Arizona Teachers Recalled After April Layoffs
School districts throughout Arizona have started recalling laid-off teachers amid a clearer budget picture and the retirement of some instructors.
Districts issued reduction-in-force notices to about 7,000 teachers on April 15, according to the Arizona Education Association. Districts had to comply with the state-mandated deadline to notify teachers whose contracts wouldn't be renewed for the following year.
But many of those teachers are now being asked back.
Deer Valley Unified School District has recalled 71 of 105 teachers who received notification in April.
"We thought we had a $20 million budget shortfall, and we're anticipating it's actually going to be closer to $17.5 million," district Superintendent Virginia McElyea said, adding that the positions became available because of resignations, retirements and staff movement.
Gilbert Public Schools has rehired 130 of 267 teachers, and Peoria Unified School District is recalling 188 of the more than 300 teachers previously laid off.
Dysart Unified School District has recalled 104 of 209 laid-off teachers and Scottsdale Unified School District says it could fill 129 of the 221 positions cut in April.
The recalls have state Superintendent Tom Horne and some state legislators saying they've been vindicated; earlier this spring they said school districts were playing politics when they announced big layoff numbers in an attempt to get the Legislature to reduce education cuts.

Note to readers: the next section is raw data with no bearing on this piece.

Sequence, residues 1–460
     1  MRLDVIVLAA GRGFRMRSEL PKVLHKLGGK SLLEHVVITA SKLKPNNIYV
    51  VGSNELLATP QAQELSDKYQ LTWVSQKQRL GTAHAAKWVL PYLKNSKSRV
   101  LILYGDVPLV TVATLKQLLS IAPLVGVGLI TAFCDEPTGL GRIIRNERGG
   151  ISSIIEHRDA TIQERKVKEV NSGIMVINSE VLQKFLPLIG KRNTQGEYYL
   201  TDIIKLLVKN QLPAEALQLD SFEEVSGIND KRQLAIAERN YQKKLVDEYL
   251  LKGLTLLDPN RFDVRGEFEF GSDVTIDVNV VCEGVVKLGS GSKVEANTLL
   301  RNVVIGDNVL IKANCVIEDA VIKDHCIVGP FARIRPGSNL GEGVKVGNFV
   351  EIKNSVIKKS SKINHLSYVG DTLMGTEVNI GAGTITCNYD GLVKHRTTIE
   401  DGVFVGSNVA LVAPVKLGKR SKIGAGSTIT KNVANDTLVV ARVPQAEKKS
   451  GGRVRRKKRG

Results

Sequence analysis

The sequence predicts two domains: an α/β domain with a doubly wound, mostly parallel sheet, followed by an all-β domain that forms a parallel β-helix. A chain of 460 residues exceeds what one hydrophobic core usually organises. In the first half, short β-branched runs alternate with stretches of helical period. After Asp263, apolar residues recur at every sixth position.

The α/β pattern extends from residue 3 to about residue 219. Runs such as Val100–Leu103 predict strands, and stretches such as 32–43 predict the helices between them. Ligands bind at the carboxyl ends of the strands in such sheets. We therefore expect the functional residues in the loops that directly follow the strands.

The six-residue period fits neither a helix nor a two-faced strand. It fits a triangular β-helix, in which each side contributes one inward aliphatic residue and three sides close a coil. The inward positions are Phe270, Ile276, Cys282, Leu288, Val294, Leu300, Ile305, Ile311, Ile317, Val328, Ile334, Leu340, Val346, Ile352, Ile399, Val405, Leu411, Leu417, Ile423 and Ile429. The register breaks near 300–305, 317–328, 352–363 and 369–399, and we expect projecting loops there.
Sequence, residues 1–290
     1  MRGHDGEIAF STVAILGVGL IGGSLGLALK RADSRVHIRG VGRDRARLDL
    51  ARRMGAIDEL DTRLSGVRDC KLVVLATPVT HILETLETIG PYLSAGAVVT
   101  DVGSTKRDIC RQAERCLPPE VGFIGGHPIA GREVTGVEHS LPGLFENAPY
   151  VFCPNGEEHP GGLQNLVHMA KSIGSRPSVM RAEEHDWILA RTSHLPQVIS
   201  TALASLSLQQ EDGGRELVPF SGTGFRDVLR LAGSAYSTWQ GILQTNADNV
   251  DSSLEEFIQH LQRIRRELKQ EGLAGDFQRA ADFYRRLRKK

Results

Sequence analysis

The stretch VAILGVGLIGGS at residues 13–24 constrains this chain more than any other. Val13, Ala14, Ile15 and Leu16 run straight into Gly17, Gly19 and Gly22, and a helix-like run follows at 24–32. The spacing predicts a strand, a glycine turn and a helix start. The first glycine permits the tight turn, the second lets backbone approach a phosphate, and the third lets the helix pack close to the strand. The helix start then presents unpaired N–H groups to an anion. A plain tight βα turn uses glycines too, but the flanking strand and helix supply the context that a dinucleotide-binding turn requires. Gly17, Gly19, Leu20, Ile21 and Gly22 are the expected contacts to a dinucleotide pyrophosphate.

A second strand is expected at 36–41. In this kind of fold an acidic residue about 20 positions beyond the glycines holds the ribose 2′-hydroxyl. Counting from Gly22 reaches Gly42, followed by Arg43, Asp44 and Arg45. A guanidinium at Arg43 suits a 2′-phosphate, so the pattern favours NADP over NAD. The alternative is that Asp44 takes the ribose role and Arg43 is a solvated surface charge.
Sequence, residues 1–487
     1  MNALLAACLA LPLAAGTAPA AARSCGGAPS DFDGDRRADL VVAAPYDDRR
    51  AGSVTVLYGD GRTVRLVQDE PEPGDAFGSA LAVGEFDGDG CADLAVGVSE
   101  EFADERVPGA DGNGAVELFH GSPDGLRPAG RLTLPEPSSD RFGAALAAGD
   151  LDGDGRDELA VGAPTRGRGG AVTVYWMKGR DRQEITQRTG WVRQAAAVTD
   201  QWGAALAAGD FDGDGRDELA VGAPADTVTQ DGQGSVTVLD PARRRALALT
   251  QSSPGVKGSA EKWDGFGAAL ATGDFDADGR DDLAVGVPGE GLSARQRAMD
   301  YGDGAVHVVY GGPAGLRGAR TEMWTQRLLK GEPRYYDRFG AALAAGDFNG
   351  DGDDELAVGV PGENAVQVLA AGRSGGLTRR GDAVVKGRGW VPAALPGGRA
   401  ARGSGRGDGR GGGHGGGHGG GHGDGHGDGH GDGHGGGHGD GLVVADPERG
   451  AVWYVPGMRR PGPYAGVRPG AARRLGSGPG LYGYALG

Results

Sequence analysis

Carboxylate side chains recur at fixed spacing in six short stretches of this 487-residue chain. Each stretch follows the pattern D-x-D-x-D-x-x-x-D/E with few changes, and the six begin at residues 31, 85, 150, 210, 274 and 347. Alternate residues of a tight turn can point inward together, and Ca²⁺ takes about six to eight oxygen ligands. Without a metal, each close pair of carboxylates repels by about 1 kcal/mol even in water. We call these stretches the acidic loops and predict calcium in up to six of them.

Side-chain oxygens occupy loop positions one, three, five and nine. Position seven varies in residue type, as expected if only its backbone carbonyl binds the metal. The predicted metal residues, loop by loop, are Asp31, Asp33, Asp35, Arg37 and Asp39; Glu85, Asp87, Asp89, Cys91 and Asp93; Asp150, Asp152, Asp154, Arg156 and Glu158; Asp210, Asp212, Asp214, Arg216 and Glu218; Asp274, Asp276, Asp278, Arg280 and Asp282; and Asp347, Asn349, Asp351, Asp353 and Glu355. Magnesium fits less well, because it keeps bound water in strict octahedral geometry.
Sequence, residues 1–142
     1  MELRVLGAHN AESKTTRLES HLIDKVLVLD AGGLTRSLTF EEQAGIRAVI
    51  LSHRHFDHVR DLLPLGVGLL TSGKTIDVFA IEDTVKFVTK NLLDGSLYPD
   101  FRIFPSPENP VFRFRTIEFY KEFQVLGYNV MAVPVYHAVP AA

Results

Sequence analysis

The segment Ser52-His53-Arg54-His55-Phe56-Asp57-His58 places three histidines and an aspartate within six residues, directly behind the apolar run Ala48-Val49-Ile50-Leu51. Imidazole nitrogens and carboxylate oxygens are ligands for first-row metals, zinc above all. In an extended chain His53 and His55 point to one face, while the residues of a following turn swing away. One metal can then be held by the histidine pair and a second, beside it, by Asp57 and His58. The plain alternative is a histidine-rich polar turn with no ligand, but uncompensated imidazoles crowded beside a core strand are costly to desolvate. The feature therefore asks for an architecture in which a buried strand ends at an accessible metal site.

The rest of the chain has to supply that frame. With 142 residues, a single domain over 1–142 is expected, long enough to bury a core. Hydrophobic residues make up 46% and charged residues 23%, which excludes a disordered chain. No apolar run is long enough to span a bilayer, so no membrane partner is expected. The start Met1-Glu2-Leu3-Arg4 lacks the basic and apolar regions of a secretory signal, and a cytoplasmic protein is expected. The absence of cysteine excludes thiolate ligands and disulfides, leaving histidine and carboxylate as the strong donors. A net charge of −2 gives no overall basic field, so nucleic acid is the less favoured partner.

Fountain Hills Republican Rep. John Kavanagh said the Arizona Education Association's opposition to a bill delaying the April 15 notification deadline hurt public education, and that many of the notices should never have been sent.
"The teachers used the (budget) cuts and the parents and the students as pawns in a very cynical political game and, in the end, I think they weakened public education because they scared a lot of parents into private and charter schools who may not return to the public schools," Kavanagh said.
Arizona Education Association president John Wright defended teacher layoffs and opposition to delaying layoff notices.
"People wanted to know whether or not they were going to at least have to consider making alternative plans for their careers and their work schedules," Wright said.